Icelandic LanguageA question of identity
Linguistic conservatism is the very thing that most clearly differentiates Icelanders from their mainland Scandinavian cousins. By holding on to their language unchanged, Icelanders are reinforcing their own unique identity.
Icelandic is spoken by 322,000 souls on the wind-whipped westernmost edge of Europe. When it comes to minimalism, the Scandinavians are the ones to watch and this also holds true for their languages; Danish, Swedish and Norwegian are paragons of streamlined grammatical functionality. Closely related Icelandic, however, is anything but simple. This devilishly complex tongue sports three genders (masculine, feminine, neuter) and four grammatical cases (nominative, accusative, dative, genitive). Throw in singular and plural forms and hestur ‘horse’ appears as hest, hesti, hests, hestar, hesta and hestum. Adjectives also come in multiple forms, agreeing with nouns in gender, case and number, while verbs appear in active, passive and middle voices, as well as indicative, imperative and subjunctive moods. Even the numbers from 1 to 4 vary according to gender and case. There are no fewer than seven versions of ‘three’; þrír / þrjár / þrjú / þrjá / þrem / þremur / þriggja, while ‘one’ has a grand total of 12 different forms; einn / ein / eitt / einna / einum / einni / einu / eins / einnar / einir / eina / einar.
When languages change, historical records suggest it is in the direction of simplification. Modern Icelandic is largely unchanged from the time of the island’s first colonisers in 874, and indeed, its level of grammatical intricacy is closer to Classical Latin than modern Norwegian. Over a similar time period, the language of Beowulf has become incomprehensible to speakers of modern English – ‘Beowulf wæs brēme, blǣd wīde sprang, Scyldes eafera, Scede-landum in’ anyone? Spanish and Portuguese, meanwhile, have diverged into completely different languages.
This unique legacy means that Icelanders have unparalleled access to their historical literature. The Eddas are a collection of epic poems written down in 13th century Iceland, and are pivotal to Icelandic culture. Icelandic speakers are able to read them in much the same way as English speakers read Shakespeare; in modernised spelling and with plenty of footnotes. Shakespeare, however, was writing around four centuries after the Eddas were transcribed. In contrast to the written language, spoken Icelandic has changed rather more dramatically, especially in the pronunciation of the vowels. It might be debatable how far a 21st century Reykjavíker and a 9th century Norse settler would understand one another, but even so, there are few languages helpful in both ordering a coffee and reading early medieval literature.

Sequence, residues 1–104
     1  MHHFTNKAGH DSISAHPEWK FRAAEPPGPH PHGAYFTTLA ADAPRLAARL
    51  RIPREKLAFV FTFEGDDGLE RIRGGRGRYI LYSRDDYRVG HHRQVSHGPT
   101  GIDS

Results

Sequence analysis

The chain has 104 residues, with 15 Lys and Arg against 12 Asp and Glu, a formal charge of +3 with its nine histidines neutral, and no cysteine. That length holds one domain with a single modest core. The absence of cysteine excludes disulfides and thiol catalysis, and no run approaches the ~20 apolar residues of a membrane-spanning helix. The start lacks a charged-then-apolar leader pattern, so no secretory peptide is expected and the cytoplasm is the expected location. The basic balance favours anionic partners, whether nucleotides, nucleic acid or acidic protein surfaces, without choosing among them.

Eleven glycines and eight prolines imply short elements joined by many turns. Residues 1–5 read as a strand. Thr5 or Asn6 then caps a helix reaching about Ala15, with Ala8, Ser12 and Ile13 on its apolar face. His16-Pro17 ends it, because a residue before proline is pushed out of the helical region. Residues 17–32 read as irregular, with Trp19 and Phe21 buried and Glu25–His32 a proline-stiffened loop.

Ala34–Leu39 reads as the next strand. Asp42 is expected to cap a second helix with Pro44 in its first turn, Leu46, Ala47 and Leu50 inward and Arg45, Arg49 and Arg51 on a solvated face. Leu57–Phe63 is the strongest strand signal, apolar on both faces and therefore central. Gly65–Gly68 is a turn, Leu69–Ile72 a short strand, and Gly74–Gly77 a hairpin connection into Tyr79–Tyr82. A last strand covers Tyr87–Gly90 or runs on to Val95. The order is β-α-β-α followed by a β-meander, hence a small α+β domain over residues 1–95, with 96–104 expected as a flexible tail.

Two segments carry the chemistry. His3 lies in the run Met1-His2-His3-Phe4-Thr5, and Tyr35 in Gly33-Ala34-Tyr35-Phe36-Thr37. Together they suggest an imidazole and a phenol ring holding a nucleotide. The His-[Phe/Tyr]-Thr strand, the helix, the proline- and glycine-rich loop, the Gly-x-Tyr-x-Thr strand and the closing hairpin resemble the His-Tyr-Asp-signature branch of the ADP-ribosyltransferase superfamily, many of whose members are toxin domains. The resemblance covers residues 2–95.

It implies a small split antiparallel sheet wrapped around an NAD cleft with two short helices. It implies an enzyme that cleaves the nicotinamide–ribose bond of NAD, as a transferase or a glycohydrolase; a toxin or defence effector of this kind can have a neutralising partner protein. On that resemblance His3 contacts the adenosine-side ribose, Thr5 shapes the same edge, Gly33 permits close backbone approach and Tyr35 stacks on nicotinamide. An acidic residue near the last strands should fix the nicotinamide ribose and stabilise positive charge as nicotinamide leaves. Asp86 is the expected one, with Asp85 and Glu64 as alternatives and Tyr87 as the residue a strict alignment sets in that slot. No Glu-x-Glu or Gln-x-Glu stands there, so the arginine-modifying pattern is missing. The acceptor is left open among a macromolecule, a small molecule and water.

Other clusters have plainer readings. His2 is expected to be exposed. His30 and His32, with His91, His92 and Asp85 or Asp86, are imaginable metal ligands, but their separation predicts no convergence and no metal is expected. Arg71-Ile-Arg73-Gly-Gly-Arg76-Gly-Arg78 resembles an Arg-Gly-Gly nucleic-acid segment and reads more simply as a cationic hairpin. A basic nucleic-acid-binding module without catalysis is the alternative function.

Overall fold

Official resistance to linguistic change certainly plays a part in freezing Icelandic in time. The Árni Magnússon Institute for Icelandic Studies is one of the world’s strictest language regulating bodies. With full government approval, it eschews international borrowings in favour of pure Icelandic derivations. Sími means ‘thread’ in Old Icelandic, and is used for ‘telephone (and, yes, an i-Phone is an i-Sími). An email is tölvupóstur, from native Icelandic roots for ‘number’, and ‘prophetess’ (making ‘computer’) and ‘mail’. Academic insistence alone, however, is not enough to explain the unchanging nature of the language, as evidenced by increasingly desperate attempts by L’Académie Française to ‘protect’ French from le weekend and le hashtag. Change in a language (or the lack of it) lies within the control of the community that speaks it.
Political independence from the Danish Crown came late to Iceland, with the republic finally declared in 1944 after a centuries-long struggle. During this fight, language played a key role in defining what it meant to be Icelandic. In his 1922 book Íslenzkt þjóðerni – ‘Icelandic Nationality’, historian Jón Aðils wrote; ‘Icelanders cling to their tongue and their nationality and they will be able to safeguard both of them until the promised hour of liberty’. Linguistic conservatism is the very thing that most clearly differentiates Icelanders from their mainland Scandinavian cousins. By holding on to their language unchanged, Icelanders are reinforcing their own unique identity.
The Icelandic Alphabet
There are 32 letters in the Icelandic alphabet: a, á, b, d, ð, e, é, f, g, h, i, í, j, k, l, m, n, o, ó, p, r, s, t, u, ú, v, x, y, ý, þ, æ and ö. Z, which used to occupy 31st position, was officially abolished in 1973 though one newspaper and some older speakers still use it. The ‘th’ sound in English ‘this’ is represented with ð, while þ denotes the ‘th’ in English ‘thick’. Both these letters also appeared in Old English. Á is pronounced like the ‘ow’ of ‘cow’, é is pronounced like ‘yeah’, æ is the sound of ‘eye’, and ö is similar to its German counterpart.